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README.md
module.py

README.md

London Quantum Computing Hackathon, 6 October 2018

  • Meeetup (fully booked 5 weeks in advance!)
  • Slides (check often for updates)

Getting started

  1. Please register at Quantum Experience
    1. Copy your API token from the "Advanced" tab (click on the "Regenerate" button first).
    2. For the day, please also change your "Institution" to "QuantumHackers" in the "Account" tab.
  2. Follow CK-QISKit instructions.

Run QISKit-VQE once

First, deploy a VQE ansatz and optimizer plugins that should just work:

$ ck deploy_optimizer vqe --value=optimizer.cobyla
$ ck deploy_ansatz vqe --value=ansatz.universal4

Then, launch VQE with the deployed optimizer and ansatz:

$ ck run vqe --device=local_qasm_simulator --repetitions=1

Monitor the convergence process (an ASCII-graphics program run in a separate Terminal window)

ck run program:visualize-convergence

Easy VQE exploration via optimizer parameters

$ ck run vqe --device=<device> --sample_size=<sample_size> --max_iterations=<max_iterations> --start_param_value=<start_param_value> --repetitions=<repetitions>

where:

  • device: local_qasm_simulator (local simulator), ibmq_qasm_simulator (remote simulator), ibmqx4 (remote hardware); by default, QCK will prompt to select one of these target quantum devices (0, 1, 2).
  • sample_size: the number of times to evaluate the Hamiltonian function on the quantum device ("sampling resolution") per optimizer iteration; by default, 100.
  • max_iterations: the maximum number of optimizer iterations ("iteration limit"); by default, 80.
  • start_param_value: the starting value of each optimizer's parameter (can be a float number or the word 'random')
  • repetitions: the number of times to repeat the experiment with the same parameters; by default, 3.

NB: The aim is to minimize the Time-To-Solution metric (TTS). As TTS is proportional to sample_size, exploring lower values of sample_size may be sensible.

At the same time, a low number of repetitions may make it hard to demonstrate solution convergence with a high probability. For experiments to be uploaded, we recommend using at least 10 repetitions on the simulators and 3-5 repetitions on the hardware.

Advanced VQE exploration via plugins

See which plugins are deployed (both soft and env entries)

$ ck search --tags=deployed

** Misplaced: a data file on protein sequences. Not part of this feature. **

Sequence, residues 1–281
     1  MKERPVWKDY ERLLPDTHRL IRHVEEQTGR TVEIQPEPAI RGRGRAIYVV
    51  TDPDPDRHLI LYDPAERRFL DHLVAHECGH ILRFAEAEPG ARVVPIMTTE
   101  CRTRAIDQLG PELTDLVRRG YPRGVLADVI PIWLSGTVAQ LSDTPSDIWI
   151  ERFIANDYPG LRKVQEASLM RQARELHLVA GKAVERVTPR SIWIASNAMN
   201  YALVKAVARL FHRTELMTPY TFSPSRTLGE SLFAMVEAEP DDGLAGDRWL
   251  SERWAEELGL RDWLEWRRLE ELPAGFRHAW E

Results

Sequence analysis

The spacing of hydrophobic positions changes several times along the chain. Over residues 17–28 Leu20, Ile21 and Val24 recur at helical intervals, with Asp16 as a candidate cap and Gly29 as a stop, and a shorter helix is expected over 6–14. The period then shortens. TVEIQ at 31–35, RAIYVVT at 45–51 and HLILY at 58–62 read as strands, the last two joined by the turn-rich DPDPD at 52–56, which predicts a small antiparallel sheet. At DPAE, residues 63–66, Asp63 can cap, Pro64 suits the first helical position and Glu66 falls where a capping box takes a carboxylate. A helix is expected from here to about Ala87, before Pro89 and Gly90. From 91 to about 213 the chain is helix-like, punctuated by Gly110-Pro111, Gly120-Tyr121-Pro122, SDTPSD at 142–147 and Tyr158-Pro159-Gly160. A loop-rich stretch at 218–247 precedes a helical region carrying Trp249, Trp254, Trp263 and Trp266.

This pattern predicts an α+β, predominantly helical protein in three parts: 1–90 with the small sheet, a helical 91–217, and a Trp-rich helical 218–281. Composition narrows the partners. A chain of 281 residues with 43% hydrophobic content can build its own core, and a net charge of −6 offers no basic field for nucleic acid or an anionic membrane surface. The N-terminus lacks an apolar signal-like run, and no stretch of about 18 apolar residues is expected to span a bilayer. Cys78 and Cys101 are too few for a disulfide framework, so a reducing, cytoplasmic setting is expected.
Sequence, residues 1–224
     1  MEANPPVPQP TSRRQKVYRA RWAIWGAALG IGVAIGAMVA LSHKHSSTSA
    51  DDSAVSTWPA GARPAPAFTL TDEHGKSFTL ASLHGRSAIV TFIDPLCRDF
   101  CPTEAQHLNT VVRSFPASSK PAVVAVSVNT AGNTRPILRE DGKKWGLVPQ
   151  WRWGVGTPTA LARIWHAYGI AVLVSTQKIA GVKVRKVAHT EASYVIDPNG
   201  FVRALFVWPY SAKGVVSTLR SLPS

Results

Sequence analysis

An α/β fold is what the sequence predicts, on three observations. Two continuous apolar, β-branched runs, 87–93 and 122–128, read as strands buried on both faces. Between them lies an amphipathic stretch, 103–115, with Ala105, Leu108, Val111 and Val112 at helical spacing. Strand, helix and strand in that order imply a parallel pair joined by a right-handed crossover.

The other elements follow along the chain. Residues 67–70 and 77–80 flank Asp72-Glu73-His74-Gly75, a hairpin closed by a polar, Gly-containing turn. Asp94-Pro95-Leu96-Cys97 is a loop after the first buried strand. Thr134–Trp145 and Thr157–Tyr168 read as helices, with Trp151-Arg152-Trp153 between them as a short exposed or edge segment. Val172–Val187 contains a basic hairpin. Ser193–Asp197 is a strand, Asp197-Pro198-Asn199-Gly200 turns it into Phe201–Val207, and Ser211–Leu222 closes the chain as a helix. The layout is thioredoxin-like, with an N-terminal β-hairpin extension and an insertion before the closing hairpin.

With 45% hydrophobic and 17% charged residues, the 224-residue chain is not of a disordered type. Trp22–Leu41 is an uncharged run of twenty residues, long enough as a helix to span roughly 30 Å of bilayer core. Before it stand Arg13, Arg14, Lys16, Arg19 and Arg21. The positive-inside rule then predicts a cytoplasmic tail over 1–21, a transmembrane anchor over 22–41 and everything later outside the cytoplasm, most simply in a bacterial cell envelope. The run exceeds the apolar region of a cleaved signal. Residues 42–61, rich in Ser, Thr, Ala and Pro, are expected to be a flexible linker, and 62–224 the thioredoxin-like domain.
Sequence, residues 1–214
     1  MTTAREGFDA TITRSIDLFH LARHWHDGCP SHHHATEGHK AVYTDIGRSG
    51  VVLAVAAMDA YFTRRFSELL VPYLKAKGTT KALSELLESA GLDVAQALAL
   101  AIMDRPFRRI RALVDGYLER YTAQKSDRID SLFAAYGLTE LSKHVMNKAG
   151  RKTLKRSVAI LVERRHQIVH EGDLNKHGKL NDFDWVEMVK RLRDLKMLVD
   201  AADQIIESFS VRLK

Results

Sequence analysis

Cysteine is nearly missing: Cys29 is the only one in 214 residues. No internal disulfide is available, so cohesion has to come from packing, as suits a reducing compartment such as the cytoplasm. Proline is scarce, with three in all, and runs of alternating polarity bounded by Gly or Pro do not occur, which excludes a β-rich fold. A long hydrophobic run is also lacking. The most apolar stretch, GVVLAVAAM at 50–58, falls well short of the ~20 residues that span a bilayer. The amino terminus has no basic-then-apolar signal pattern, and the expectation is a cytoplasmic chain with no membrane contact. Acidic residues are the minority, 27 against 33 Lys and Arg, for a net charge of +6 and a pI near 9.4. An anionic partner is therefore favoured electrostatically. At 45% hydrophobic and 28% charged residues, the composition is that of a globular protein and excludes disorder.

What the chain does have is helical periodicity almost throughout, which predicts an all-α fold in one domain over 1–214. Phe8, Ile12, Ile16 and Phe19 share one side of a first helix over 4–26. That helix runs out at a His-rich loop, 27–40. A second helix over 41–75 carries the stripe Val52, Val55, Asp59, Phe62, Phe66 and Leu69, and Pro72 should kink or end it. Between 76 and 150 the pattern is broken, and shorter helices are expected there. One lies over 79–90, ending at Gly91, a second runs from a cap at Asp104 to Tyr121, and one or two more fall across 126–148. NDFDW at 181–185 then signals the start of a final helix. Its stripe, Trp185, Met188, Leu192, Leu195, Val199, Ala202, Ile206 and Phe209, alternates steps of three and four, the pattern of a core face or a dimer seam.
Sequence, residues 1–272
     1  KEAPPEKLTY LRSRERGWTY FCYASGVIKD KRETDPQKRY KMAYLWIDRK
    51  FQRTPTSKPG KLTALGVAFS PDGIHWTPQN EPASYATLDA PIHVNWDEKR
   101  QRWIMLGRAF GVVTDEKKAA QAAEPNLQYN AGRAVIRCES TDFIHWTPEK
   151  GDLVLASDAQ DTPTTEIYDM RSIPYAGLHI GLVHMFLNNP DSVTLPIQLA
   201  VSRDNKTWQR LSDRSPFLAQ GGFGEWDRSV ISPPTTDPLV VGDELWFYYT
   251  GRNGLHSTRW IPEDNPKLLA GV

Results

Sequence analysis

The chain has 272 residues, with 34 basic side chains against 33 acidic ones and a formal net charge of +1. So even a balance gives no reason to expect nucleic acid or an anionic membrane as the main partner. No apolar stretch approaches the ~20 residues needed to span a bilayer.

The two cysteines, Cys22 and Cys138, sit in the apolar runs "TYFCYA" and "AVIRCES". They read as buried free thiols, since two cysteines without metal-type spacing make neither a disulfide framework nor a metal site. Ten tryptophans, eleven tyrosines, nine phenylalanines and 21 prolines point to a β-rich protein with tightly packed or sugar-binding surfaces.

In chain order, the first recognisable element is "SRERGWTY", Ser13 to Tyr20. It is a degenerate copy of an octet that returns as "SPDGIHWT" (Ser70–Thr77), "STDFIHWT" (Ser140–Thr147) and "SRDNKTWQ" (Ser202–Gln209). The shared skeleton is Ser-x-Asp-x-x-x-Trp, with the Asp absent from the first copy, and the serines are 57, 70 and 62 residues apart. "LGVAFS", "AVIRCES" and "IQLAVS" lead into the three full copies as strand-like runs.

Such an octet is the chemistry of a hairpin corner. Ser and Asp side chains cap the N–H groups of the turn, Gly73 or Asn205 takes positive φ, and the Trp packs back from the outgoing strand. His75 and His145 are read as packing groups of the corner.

Removing plugins

Removing an optimizer plugin

$ ck cleanup vqe --type=optimizer

Removing an ansatz plugin

$ ck cleanup vqe --type=ansatz

Removing both optimizer and ansatz plugins

$ ck cleanup vqe

Working with optimizer plugins

Select an optimizer plugin to deploy

$ ck deploy_optimizer vqe

Locate and edit the deployed optimizer plugin (use your favourite text editor instead of vi)

$ ck plugin_path vqe --type=optimizer
$ vi `ck plugin_path vqe --type=optimizer`

NB: The optimizer plugin is written in Python. It is expected to contain only one top-level function. If you need more, please define them within the top-level one.

Working with ansatz plugins

Select an ansatz plugin to deploy

$ ck deploy_ansatz vqe

Visualize the ansatz circuit (use your favourite image viewer instead of display)

$ ck run program:visualize-ansatz
$ display `ck find program:visualize-ansatz`/ansatz_circuit.png

NB: If unsure about the image viewer, try eog or eom on Linux, open on macOS.

Locate and edit the deployed ansatz plugin (use your favourite text editor instead of vi)

$ ck plugin_path vqe --type=ansatz
$ vi `ck plugin_path vqe --type=ansatz`

NB: The ansatz plugin is written in Python with QISKit. It is expected to contain only one top-level function. If you need more, please define them within the top-level one.

Locate the experimental results

You can list all your experimental entries and locate them on disk as follows:

$ ck search local:experiment:* --tags=qck
$ ck find local:experiment:*

View the TTS metric

Run the following and select an experiment entry to compute TTS for:

$ ck time_to_solution vqe --delta=0.015 --prob=0.95

To compute TTS for a particular experiment, supply its entry e.g.:

$ ck time_to_solution vqe --delta=0.015 --prob=0.8 local:experiment:anton-2018_10_05T12_18_19-local_qasm_simulator-ansatz.universal4-optimizer.cobyla-samples.100-repetitions.1

Upload your experimental results to Quantum Collective Knowledge

When you have an experiment you would like to share, run:

$ ck upload vqe --team=schroedinger-cat-herders

and select the experiment from the list. We recommend uploading all experiments on the hardware and most successful experiments on the simulators.

Alternatively, upload one or more experiments by using their entries e.g.:

$ ck upload vqe --team=bell-state-ringers local:experiment:my_experiment_5 local:experiment:my_experiment_13